ADAPT: When working with children with PDA, it can be difficult to predict what they might do or say, or how they might react to situations or activities at any given moment. Something they loved to do one session might be anxiety provoking the next, so being prepared for different possibilities, knowing when you need to step back, and being able to take the child’s lead rather than pushing your own agenda are extremely important.

LAUGH: Humour and novelty have been found to be helpful in supporting children with PDA in school, and this certainly also applies to the therapy room. In my experience, children with PDA often have a fantastic sense of humour, and tapping in to their silly side can make therapy more enjoyable and certainly helps to reduce a child’s anxiety in session. Showing that you can laugh at yourself and ‘think outside the box’ also makes clinicians more relatable and activities more interesting, which enhances the therapeutic experience for the child.

COLLABORATE: Children with PDA need to feel that they are an equal partner in any interactions, rather than there being a power imbalance where an adult has authority. It is important to allow the child to take the lead, and for the clinician to cooperate and collaborate with them when engaging in activities, to avoid a power struggle which will increase demand avoidance and anxiety.

UNDERSTAND: The thing that children with PDA need most from the adults in their lives is acceptance and understanding. Understanding that their behaviour is not a deliberate act to be difficult or a choice to be ‘naughty,’ but is a response to feeling anxious and unsafe that requires unconditional love and support. Children need to know we understand them and are on their side so they not only feel accepted by others, but also learn to accept and understand themselves.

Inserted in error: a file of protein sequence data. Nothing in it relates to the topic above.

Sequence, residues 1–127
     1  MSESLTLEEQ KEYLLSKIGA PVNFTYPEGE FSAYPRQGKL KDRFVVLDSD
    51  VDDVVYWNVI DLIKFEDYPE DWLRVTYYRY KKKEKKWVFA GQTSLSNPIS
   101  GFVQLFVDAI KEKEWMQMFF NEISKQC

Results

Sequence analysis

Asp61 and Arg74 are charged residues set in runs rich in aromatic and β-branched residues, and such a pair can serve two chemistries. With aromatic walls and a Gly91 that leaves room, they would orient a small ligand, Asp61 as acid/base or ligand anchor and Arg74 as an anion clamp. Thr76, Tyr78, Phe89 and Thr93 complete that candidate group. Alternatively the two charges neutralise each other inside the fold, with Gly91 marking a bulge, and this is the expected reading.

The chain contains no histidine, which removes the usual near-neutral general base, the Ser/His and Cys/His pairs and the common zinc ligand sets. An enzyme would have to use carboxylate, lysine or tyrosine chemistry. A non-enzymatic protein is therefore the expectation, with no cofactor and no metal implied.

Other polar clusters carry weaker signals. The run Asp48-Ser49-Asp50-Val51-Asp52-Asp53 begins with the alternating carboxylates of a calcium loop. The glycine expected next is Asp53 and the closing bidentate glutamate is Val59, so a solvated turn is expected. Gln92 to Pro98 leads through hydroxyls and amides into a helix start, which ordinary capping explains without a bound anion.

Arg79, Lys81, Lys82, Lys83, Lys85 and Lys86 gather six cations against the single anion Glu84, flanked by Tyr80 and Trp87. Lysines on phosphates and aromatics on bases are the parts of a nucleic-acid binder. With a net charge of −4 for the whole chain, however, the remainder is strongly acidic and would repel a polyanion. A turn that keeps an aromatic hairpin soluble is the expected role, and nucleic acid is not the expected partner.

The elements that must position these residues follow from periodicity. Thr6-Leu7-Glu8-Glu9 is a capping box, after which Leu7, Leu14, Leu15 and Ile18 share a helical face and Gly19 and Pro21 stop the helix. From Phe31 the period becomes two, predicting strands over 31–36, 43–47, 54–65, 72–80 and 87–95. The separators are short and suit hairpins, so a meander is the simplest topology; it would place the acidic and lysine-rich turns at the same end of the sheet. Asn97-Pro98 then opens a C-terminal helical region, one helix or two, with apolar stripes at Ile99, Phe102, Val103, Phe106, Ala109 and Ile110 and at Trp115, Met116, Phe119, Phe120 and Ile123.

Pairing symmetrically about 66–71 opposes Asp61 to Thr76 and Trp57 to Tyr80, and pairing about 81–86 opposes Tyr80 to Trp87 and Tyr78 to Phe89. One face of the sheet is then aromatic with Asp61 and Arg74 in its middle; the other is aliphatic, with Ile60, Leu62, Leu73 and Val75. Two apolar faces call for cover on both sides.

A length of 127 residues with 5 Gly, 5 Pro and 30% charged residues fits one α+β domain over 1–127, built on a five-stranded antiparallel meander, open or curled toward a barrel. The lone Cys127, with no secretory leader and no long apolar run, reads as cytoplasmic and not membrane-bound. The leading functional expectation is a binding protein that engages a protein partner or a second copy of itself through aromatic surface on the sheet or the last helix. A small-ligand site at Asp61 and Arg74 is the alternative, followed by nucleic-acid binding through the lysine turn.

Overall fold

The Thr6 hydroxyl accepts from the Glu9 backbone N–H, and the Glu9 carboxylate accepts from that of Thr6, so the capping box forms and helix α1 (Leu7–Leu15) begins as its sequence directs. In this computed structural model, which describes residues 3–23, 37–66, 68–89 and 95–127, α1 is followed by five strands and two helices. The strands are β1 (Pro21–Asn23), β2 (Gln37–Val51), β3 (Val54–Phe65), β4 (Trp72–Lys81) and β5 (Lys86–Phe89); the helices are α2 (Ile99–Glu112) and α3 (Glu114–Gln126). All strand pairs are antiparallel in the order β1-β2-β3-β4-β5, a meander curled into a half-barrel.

I am hopeful that with increased awareness of the PDA profile and a better understanding of the needs of children with PDA in therapy, more clinicians will be in a position to support children to manage their anxiety effectively, and improve the outcomes and quality of life of children with PDA in the community.

Download my Tip Sheet for Therapists (pdf)


  • Christie, P. et al (2011) Understanding Pathological demand Avoidance Syndrome in Children, JKP Essentials
  • Christie, P. et al (2018) Collaborative Approaches to Learning for Pupils with PDA : Strategies for Education Professionals, Jessica Kingsley Publishers
  • The PDA Society (2016). Pathological Demand Avoidance Syndrome: A Reference Booklet for Health, Education and Social Care Practitioners.
  • https://notesonpda.wordpress.com/a-z-of-demands/
  • https://pdaguidance.wordpress.com/2016/01/28/why-rewards-consequences-dont-work/
  • https://beaconhouse.org.uk/useful-resources/

Supporting Children with PDA using Play and Trauma Informed Practice

It has been almost 12 months since I wrote my first blog about PDA and Play Therapy, and since then my knowledge of PDA and my confidence in the benefits of using Play Therapy with children with PDA has continued to grow. But with that increase in knowledge and confidence has come even more questions. Questions about the source of the anxiety that drives demand avoidance, and about the mechanisms through which play therapy can assist children to cope more effectively with the world around them.

These questions have lead me to form the view that looking at PDA through a trauma-informed lens can help therapists, parents and educators better understand a child’s needs and reactions, and find more effective ways of supporting them.